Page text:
The Woman at the Reception Desk

There's a lot of bad news these days. But sometimes something happens that pierces all that negativity and reminds you of people's potential for goodness and deepens one's belief in humanity. It happened to me just the other day.

My car was towed from outside my gym. I had arrived at 5:30 a.m. for a workout, checked the four different signs about when I could park in the spot I took, and then came back at 7a.m. to go to work. It was one of those surreal experiences: all the cars that I thought had parked where I had were gone! Had I actually parked someplace else and just forgot where? I walked back over to the set of parking signs and discovered a fifth – the one I missed – stating that towing started at 6:30 a.m.

I called the number on the sign which connected me to our local police station; but they had no record of my car being towed. They said call back in 30 minutes. So I waited awhile and then decided to go into the condominium building next to where my gym is located, where I asked the woman behind the reception desk if she had seen my car towed. Nope, she had just come on at 7 a.m.

But before I could turn away, she said, "Let me call the police station for you." I said I already tried that, but she picked up the phone and called anyway. Knowing the ropes, she actually found someone who would talk with her. Still, they didn't know where my car was.

Again I started to turn away, and again she said, "Well, I know a lot of the towing companies that tow around here, and so let me call one for you." She called Eastham's down the street, a service station that I thought had gone out of business, but apparently was now towing cars. I could walk there. But no luck.

So, again, I thanked her and started to turn away. And she said, "Oh no, don't go. I know some others I can call." So she looked up the number for G&G Towing, a company that had towed me some years ago, and whose lot is in some God-forsaken place up-county. (The problem there would be my wallet was in my car and I had no money to take a cab.) Again, no luck.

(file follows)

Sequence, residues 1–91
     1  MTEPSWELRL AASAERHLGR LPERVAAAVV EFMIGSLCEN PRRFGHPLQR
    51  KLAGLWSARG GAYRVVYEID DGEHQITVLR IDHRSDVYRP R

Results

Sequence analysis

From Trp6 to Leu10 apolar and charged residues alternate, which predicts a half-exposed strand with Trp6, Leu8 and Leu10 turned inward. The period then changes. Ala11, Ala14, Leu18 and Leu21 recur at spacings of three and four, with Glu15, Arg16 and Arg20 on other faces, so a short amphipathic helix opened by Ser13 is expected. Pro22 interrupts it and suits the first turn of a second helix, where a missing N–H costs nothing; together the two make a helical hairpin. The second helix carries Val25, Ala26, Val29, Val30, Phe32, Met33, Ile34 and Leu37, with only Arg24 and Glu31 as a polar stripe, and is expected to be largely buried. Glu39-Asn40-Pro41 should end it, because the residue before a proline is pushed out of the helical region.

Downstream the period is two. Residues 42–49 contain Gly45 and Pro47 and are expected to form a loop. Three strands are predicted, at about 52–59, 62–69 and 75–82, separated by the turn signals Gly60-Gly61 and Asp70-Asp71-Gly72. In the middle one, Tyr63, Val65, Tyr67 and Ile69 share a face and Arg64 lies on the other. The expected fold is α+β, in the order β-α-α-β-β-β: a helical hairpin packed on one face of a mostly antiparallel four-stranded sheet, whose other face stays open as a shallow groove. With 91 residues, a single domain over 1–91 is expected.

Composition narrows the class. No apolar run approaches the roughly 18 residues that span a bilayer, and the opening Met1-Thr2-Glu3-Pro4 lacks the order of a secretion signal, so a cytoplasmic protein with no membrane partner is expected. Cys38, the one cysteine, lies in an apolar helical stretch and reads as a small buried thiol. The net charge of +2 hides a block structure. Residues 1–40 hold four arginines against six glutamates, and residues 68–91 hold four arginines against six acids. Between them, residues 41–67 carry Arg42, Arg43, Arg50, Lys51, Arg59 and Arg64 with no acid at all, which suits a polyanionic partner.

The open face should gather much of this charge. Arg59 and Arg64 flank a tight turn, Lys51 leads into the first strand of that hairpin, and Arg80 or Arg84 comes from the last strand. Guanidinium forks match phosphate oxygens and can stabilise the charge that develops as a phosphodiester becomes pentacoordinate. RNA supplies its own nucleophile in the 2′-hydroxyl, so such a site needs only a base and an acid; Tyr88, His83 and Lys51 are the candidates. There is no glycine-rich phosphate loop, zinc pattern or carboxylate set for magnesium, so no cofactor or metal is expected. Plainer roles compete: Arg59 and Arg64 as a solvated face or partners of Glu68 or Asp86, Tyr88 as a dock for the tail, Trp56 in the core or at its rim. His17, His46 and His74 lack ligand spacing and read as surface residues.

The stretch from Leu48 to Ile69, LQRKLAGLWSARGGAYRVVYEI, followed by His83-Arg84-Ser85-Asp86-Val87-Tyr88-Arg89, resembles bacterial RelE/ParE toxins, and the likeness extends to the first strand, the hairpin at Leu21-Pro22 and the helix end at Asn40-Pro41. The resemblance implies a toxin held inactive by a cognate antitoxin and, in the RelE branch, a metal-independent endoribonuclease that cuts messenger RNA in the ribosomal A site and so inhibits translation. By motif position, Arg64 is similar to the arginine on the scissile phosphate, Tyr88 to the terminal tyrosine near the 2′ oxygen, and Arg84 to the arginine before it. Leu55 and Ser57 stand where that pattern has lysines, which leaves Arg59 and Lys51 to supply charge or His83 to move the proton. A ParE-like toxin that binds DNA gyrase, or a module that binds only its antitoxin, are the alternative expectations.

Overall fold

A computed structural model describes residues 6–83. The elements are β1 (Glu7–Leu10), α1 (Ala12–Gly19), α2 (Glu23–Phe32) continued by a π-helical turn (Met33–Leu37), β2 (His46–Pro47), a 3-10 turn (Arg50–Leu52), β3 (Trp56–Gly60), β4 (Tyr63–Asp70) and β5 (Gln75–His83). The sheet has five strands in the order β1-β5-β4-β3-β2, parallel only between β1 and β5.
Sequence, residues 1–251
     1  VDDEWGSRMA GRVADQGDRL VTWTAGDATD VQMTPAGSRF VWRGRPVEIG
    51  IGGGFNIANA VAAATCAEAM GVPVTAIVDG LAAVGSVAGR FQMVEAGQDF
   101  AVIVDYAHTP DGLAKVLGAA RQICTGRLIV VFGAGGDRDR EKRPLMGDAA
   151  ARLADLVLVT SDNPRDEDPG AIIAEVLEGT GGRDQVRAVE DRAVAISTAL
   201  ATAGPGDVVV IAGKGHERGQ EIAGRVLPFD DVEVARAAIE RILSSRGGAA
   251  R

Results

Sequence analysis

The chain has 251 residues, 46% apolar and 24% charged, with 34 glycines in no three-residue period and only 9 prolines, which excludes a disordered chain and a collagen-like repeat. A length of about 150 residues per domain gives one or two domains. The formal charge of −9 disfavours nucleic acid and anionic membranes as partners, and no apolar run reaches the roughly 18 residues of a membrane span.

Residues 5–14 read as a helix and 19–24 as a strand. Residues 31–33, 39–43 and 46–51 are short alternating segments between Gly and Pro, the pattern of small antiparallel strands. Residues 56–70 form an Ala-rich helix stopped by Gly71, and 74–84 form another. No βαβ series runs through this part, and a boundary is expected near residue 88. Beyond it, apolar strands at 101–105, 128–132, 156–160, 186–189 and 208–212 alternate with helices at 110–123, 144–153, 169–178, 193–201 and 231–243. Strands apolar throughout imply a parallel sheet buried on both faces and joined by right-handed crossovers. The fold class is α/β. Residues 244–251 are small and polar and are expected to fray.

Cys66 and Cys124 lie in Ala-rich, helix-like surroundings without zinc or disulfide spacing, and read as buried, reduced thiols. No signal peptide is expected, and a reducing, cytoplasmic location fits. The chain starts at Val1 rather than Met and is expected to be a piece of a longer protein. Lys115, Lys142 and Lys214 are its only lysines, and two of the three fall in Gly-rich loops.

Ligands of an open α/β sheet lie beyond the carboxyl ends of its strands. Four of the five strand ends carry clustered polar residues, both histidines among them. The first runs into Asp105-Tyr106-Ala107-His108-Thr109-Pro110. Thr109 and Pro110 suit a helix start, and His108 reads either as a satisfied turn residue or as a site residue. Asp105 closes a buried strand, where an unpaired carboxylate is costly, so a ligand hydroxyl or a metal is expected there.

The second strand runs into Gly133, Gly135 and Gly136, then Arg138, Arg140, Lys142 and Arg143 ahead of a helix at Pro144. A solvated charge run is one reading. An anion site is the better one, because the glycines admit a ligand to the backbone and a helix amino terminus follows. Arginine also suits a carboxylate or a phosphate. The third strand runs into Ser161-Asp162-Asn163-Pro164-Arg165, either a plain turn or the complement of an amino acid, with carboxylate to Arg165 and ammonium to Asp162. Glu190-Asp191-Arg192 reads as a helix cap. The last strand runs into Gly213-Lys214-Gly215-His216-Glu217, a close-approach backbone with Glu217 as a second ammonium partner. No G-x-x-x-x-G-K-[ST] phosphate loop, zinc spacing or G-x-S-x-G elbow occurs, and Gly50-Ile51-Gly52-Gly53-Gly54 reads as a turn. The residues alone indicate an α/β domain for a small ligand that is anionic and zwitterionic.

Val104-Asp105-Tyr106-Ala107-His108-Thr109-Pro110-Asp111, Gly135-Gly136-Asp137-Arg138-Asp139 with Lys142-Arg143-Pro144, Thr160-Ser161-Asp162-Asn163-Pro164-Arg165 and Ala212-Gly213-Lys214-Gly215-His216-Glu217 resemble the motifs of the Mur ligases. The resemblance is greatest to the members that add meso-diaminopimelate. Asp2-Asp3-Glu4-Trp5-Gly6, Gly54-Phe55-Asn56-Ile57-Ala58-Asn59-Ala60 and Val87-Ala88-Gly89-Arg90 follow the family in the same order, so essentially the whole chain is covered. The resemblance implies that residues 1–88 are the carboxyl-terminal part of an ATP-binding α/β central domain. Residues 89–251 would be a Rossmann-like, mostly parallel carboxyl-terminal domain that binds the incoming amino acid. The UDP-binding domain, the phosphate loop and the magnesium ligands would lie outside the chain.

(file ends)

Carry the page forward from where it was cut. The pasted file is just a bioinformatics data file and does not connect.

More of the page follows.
She told me not to despair, while she looked up another towing company's number (one she had never heard of) and called it. This time it worked. They said my car had been towed to a street in town that neither of us had heard of. So she started to give me directions from the person on the phone, and then said, "Wait!" She pulled up Map Quest on her computer, printed me out a map, and proceeded to give me directions to get started so I wouldn't get lost!

All this took over twenty minutes. The whole time she had a smile on her face and when I kept thanking her for her help she repeatedly replied, "Oh, of course I should help you."

I did find my car and go to work that day. Since then I haven't forgotten this woman behind the reception desk who could have just as easily said she hadn't seen my car towed and that she had her own work to do. But she didn't. Instead, she extended herself, to a total stranger in need, with a helping hand and an abiding  sense of grace. Before I turned to walk away, I grabbed both her hands hand and thanked her, and the only words that came to my lips were: "Many blessings to you."

Amid all the bad news there is good news too. Sometimes we have to look for it. Sometimes we benefit from it. Other times we can help to create it.

Tomorrow I'm bringing the woman behind the reception desk flowers, and I'll ask her name.